Consumers should be wary of the administration’s spin that health insurance premiums will be surprisingly low when the federal online marketplace opens Oct. 1.
There is no question some citizens will benefit, but many others, particularly the young, are likely to experience sticker shock, especially when they attend the details.
Administration officials this week released information about the federally run health care exchanges, which offer policies to individuals who don’t get insurance through work or a government program.
It is all part of the Patient Protection and Affordable Health Care Act, which goes into effect next year. The exchanges will open Tuesday to allow consumers time to shop for policies.
The U.S. Department of Health and Human Services this week reported numbers from the approved insurance plans for 36 states that showed the average premium for a mid-level policy would be $328 a month. The administration emphasized health insurance would cost no more than a car payment.
The Florida figures indicated the costs for the mid-level policy would range from $257 to $328, depending upon where one lived. (Urban areas have more policy options.)
The law also provides various subsidies to aid people with incomes up to four times the federal poverty level.
The HHS findings provided President Obama some nice talking points, particularly with congressional Republicans trying to eliminate the law.
He said: “Essentially they’re saying people will like this thing too much, and then it will be really hard to roll back. What we’re saying is, just look for yourself. Take a look at it, and you will discover that this is a good deal for you.” Americans should follow Obama’s advice and study the exchanges closely. But we’re doubtful that most people will reach the same conclusion as the president.
Details remain sketchy. Those preliminary numbers for the mid-level policies do not address such key concerns as out-of-pocket expenses (the cheaper policies the administration cites require steeper patient co-pays), physician choice and prescription coverage.
You can be sure such matters will be affected.
It is inevitable the young and healthy will face higher costs as the law increases coverage for the sick and elderly.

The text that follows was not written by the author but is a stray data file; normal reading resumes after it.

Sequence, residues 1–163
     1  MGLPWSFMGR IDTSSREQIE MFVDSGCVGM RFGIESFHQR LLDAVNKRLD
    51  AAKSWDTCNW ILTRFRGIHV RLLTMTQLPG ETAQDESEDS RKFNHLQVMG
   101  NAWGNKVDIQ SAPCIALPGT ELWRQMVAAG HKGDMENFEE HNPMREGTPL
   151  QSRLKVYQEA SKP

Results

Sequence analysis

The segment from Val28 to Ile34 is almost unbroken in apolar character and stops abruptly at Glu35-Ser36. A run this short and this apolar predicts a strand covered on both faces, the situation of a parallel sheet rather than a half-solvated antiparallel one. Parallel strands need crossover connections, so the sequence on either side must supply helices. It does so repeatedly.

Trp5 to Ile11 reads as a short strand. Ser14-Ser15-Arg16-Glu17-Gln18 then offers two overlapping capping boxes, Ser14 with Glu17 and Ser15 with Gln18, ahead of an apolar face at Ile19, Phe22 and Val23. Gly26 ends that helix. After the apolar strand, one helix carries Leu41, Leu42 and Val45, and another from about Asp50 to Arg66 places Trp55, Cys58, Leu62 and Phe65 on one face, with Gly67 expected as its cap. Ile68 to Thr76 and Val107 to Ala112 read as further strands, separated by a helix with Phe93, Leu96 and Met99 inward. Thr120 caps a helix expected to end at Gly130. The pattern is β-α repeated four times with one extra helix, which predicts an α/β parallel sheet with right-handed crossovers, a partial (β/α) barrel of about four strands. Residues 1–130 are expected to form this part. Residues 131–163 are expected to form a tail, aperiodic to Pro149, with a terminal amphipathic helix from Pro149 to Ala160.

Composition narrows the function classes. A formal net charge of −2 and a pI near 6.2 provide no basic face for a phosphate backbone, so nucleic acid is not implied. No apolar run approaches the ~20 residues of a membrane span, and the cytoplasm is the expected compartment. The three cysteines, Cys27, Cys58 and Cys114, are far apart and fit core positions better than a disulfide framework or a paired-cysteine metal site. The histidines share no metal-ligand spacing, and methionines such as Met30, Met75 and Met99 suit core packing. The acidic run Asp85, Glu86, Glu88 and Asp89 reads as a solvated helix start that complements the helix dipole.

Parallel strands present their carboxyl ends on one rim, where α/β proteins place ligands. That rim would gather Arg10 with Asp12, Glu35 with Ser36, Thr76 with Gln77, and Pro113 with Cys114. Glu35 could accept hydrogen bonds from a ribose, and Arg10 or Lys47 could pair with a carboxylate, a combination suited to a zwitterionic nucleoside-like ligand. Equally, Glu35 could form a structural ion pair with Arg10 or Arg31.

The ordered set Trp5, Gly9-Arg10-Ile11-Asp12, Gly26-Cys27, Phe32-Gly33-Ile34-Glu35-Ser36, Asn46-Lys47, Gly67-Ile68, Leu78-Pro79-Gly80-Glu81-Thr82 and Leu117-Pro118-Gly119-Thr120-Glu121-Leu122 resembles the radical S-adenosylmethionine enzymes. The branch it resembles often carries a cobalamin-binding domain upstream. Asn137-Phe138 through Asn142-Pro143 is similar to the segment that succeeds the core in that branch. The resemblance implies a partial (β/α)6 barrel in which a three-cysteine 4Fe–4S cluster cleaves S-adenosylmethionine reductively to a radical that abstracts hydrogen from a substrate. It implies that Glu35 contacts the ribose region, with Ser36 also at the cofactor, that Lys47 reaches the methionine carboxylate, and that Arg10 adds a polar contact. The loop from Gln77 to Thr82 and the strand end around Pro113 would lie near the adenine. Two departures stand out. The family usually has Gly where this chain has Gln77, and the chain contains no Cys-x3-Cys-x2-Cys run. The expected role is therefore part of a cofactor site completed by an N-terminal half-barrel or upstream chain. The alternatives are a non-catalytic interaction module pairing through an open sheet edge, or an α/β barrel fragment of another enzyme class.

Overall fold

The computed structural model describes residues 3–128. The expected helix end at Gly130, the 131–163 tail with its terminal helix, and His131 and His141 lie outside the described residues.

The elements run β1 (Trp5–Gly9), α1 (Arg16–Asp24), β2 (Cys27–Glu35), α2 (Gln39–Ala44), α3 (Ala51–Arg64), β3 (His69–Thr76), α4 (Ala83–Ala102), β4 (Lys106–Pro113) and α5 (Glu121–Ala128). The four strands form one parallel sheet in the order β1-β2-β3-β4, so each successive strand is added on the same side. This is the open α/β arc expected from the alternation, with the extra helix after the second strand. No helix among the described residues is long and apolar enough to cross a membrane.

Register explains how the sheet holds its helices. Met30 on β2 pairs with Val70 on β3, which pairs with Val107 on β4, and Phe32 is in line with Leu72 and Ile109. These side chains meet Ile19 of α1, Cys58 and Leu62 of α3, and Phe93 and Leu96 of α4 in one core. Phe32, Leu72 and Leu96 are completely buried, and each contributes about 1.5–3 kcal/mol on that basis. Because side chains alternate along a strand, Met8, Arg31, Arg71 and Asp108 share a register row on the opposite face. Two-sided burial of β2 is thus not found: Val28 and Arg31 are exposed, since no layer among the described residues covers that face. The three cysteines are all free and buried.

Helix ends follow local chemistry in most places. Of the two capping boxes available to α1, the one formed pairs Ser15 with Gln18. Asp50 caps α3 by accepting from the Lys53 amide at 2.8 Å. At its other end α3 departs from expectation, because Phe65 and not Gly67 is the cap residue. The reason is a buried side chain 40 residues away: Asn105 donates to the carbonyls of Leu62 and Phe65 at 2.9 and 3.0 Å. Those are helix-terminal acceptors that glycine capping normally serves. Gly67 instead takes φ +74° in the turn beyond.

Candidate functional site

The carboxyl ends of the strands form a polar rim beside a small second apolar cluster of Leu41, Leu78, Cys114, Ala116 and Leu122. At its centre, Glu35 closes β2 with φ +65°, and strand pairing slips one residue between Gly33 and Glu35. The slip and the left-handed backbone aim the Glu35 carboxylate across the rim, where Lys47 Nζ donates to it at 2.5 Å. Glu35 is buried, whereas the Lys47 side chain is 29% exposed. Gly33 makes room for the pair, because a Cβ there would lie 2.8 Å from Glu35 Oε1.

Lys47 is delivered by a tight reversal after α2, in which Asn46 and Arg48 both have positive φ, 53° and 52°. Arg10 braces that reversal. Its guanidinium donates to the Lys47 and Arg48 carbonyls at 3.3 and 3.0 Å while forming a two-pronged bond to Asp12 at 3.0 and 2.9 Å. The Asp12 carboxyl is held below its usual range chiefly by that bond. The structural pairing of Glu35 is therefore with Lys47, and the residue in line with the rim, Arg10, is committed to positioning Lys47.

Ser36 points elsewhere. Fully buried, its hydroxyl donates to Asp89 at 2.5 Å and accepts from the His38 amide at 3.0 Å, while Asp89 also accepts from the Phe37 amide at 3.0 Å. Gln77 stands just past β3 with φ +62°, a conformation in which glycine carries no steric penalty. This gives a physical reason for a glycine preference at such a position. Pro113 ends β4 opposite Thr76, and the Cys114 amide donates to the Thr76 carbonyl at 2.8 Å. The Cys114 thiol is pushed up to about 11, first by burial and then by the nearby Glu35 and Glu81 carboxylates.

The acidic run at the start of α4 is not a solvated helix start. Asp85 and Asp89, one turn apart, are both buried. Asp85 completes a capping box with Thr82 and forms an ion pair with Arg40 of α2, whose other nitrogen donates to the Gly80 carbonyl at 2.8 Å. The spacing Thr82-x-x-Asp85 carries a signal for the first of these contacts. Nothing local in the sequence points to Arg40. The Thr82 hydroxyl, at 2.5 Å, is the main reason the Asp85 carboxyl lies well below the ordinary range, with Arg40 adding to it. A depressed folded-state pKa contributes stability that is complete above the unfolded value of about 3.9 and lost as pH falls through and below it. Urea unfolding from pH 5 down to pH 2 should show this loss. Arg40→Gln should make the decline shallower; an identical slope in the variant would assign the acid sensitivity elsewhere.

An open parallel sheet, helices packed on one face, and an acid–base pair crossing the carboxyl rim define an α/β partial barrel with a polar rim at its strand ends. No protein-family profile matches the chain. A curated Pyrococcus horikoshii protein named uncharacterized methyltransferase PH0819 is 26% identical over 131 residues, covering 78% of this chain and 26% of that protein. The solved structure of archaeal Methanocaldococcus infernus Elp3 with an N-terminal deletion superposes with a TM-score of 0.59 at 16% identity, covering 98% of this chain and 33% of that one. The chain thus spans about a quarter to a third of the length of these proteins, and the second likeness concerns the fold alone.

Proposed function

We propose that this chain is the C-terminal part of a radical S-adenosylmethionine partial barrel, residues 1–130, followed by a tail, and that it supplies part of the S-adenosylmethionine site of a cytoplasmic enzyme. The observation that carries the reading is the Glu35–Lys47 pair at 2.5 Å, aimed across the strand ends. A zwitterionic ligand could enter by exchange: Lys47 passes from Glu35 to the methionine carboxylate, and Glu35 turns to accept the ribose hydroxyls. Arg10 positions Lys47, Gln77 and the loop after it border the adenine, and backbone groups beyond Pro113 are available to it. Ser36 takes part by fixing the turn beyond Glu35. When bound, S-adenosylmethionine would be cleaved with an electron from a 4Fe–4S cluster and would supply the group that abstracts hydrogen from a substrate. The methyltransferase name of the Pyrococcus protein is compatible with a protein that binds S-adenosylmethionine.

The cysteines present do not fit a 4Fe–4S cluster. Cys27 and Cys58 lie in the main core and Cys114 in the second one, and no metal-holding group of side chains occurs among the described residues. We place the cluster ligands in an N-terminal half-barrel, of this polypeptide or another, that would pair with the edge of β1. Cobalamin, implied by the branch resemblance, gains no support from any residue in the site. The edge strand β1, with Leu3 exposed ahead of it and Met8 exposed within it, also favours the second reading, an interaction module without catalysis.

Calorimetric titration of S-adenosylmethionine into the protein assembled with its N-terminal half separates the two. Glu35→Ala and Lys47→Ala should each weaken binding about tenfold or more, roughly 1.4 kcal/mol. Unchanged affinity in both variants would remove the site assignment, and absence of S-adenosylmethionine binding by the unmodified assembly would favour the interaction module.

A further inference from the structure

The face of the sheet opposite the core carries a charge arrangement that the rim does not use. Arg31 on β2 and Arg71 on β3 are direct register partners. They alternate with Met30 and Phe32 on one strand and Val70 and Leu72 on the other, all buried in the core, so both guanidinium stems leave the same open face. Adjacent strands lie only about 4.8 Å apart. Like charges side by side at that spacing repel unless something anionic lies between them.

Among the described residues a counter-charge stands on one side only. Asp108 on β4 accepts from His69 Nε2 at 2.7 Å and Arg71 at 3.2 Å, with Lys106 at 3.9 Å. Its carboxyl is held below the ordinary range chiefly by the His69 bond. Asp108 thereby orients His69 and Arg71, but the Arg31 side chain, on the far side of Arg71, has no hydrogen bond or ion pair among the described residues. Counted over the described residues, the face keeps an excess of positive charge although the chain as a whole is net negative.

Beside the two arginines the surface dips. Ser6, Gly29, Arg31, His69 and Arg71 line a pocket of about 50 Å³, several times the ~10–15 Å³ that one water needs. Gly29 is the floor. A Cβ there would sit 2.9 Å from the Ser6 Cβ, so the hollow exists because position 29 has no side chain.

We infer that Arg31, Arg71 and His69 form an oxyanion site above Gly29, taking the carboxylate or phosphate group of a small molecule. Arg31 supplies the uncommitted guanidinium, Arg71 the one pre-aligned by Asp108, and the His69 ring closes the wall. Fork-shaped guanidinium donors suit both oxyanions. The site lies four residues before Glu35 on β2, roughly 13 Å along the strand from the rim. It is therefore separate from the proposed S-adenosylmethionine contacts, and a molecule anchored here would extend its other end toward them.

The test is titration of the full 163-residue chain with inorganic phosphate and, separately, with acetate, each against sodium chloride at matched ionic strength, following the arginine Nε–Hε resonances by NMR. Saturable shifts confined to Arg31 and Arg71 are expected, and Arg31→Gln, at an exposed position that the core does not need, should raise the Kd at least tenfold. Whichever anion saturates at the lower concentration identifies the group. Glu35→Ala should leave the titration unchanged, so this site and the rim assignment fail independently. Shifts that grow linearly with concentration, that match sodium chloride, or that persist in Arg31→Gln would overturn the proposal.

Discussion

The law demands all pre-existing conditions be covered and mandates policies include essential health benefits, such as maternity and newborn care and substance abuse treatment services.
Such expansion of coverage, however admirable, will tremendously increase costs.
Another provision requires that premiums for elderly citizens be no more than three times that of the young.
All this means younger individuals and families are likely to confront major cost increases.
Many of the young may decide they would prefer to pay the law’s fine rather than comply with its mandate to buy health insurance. That fine starts at $95 a year and increases to $695 by 2016. This could dramatically affect the financing of a plan that depends on the young and healthy helping to pay for the expense of adding individuals likely to need care to the risk pool.
Private firms are coming up with their own health insurance exchanges, and Americans should consider them as they investigate the exchange policies.
Some people, unquestionably, will benefit. Individuals who want to retire before they are eligible for Medicare will likely have better health insurance options. Those who have been refused coverage because of illnesses will be provided relief.
But average Americans probably will be hit with health insurance premiums that are far heftier than a car payment. They need to be skeptical about the administration’s claims, and exacting when reviewing exchange offerings that many may find to be budget busters.